Libraries now routinely supplement traditional collections and services with digital resources and Web-based service approaches. As librarians have reinvented academic libraries, we have also worked to create methods of assessment that reflect the reality of contemporary libraries and address the shift toward assessment and accountability in higher education. The North Central Association of Colleges and Schools offers the following perspective about libraries and learning resources:
It was not that long ago that accreditation was understood to focus rather heavily on resources in the library. Accrediting teams counted staff members and the square footage allocated to the library and to book inventories. Unless libraries are used and valued by students and faculty, their impact on learning is small. In short, a library—or a learning resource center—exists to support learning and teaching. . . . Consequently, it is critical for colleges and universities to assess actual student use of equipment, materials, and media, collecting evidence that something worthwhile is happening to students because learning resources exist.
In the same spirit, rather than providing a census of its
collections, the Middle States Commission on Higher Education requires that “The
institution provides sufficient learning and information resources and services
to support the nature, scope, and level of the programs offered.” Colleges and
universities are forced to ask, “What is ‘sufficient’?” The other regional
associations have similarly broad statements, leaving librarians and
institutional effectiveness staff to figure out a new approach. Library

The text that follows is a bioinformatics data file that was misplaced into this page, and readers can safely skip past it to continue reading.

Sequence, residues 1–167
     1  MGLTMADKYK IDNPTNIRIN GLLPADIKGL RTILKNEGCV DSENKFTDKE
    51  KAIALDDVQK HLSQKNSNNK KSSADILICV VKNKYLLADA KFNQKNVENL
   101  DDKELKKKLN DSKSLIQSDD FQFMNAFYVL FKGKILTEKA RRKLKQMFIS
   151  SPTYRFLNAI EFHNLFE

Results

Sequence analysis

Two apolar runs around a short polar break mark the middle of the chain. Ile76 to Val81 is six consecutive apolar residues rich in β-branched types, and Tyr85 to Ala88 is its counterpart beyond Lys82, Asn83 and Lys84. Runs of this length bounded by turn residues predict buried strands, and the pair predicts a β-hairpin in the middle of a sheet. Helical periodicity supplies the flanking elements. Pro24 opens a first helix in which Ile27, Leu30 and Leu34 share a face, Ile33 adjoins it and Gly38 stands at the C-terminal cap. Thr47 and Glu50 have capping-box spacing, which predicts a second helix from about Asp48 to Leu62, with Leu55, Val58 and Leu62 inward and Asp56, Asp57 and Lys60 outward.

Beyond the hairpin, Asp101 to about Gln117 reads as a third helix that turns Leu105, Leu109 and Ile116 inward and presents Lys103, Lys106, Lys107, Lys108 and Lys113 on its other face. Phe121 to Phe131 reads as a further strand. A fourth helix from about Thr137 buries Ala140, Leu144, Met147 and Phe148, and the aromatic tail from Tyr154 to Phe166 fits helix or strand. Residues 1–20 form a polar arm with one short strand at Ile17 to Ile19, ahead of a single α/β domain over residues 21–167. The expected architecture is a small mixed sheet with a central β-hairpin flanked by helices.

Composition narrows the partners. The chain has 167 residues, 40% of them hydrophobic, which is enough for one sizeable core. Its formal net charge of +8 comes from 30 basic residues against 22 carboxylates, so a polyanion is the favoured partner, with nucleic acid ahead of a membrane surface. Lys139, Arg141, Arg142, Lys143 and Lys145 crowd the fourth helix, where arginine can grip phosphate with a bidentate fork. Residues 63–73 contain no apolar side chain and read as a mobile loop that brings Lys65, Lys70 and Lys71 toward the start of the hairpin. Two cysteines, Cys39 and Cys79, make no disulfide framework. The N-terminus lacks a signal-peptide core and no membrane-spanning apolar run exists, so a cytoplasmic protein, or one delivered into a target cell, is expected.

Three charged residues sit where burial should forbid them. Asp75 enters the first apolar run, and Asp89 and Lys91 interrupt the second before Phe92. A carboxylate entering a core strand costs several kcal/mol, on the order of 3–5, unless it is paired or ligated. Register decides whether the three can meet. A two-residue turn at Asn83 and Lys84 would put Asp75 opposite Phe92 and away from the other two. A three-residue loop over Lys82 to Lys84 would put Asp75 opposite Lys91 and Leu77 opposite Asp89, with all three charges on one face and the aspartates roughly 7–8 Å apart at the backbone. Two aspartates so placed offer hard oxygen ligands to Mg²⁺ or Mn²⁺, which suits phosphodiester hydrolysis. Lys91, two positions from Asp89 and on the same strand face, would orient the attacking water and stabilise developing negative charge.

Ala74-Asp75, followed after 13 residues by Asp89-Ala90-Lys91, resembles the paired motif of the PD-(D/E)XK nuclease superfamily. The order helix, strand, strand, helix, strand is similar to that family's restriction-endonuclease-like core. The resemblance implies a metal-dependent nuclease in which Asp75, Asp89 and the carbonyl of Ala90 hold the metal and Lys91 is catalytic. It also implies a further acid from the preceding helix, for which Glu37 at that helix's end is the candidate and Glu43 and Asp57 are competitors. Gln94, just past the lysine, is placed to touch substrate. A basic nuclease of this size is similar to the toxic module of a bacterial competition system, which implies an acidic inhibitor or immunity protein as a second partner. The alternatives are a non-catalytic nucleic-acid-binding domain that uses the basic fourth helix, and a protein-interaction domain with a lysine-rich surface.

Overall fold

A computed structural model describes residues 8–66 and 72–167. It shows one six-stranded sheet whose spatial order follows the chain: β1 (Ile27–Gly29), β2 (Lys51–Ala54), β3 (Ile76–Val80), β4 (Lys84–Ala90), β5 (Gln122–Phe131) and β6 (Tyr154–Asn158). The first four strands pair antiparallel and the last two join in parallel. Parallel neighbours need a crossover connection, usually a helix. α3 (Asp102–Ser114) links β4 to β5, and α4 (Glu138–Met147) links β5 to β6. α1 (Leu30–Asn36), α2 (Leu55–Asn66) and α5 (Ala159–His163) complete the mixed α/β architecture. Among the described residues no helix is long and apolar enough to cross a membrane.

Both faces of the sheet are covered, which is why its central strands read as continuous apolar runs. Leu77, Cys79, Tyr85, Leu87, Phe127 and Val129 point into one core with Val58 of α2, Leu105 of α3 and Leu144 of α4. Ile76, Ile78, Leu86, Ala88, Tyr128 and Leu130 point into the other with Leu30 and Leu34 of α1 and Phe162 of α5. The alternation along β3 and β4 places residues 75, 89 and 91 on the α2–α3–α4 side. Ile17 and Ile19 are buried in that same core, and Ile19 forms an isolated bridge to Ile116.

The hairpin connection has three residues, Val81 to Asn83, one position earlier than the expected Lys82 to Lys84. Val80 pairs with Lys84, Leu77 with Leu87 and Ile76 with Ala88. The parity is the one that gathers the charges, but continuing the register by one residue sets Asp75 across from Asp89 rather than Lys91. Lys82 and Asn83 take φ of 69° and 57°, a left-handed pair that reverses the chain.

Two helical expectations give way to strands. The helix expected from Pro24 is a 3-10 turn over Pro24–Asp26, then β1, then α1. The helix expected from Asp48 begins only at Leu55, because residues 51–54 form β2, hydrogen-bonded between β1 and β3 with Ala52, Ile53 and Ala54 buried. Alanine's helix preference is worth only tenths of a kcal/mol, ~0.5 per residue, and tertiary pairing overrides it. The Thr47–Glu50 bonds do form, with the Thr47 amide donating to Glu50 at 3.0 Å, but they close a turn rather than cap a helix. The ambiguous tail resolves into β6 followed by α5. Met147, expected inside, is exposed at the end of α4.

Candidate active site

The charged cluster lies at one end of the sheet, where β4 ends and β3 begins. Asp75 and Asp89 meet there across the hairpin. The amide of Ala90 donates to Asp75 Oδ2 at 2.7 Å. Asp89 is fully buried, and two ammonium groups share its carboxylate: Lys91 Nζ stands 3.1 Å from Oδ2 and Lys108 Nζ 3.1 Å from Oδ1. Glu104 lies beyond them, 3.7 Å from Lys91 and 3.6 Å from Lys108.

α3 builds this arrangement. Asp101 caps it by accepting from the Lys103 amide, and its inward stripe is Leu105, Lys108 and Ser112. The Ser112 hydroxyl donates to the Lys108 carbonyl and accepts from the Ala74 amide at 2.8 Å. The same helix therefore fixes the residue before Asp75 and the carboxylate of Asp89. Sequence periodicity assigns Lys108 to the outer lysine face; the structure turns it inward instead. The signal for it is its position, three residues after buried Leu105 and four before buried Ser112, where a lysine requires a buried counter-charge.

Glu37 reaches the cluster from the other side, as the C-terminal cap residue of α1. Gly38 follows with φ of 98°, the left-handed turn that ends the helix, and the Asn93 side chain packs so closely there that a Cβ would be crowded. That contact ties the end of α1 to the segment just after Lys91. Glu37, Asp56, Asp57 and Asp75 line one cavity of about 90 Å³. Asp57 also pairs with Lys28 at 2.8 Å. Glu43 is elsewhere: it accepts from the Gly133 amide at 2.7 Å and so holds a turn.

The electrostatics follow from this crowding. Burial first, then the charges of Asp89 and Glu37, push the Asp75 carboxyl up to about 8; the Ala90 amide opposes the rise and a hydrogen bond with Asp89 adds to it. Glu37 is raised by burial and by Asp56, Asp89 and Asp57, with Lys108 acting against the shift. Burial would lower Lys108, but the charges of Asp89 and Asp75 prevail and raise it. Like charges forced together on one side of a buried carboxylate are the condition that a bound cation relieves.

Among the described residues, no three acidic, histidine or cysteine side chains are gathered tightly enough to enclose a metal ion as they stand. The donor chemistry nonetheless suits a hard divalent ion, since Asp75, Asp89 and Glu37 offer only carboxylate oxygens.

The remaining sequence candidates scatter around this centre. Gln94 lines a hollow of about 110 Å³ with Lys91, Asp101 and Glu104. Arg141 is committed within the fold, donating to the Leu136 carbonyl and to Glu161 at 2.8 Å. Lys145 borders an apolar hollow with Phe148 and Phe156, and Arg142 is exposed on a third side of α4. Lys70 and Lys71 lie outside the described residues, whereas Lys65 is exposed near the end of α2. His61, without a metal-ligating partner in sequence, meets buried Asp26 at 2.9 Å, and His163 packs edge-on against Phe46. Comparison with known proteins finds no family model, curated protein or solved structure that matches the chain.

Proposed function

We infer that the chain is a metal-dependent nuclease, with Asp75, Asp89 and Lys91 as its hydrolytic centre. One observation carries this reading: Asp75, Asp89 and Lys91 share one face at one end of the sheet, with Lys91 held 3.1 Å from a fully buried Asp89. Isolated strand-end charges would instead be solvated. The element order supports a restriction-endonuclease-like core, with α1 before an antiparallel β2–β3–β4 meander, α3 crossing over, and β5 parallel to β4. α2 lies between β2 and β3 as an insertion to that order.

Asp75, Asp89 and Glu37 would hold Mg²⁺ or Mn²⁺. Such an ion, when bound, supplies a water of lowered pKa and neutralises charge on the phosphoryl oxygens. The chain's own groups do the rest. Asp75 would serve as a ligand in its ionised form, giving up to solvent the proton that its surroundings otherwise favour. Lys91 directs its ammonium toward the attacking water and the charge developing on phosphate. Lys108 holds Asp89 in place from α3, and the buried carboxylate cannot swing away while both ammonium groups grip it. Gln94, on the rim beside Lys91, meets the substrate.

practitioners and scholars, therefore, have worked to create instruments and
protocols for libraries that meet demands for accountability, measure service
quality, and improve the data available to library administrators for effective
New Measures for Libraries
Rather than focusing on inputs such as collection size and staffing, the first new library measures sought to describe what libraries do. That is, librarians began to report outputs such as the number of items borrowed or the number of reference questions answered. Those measures alone, however, still fell short of addressing whether library services were sufficient. As colleges and universities created student learning outcomes over the past few years, librarians also created measures that were based on outcomes — the extent to which student and faculty contact with libraries affected them and contributed to the mission of the university.
The increasing attention to measurement and assessment in libraries during the past decade might be described as a move beyond reporting what libraries do, to capturing the ways in which student learning is affected by library services and programs.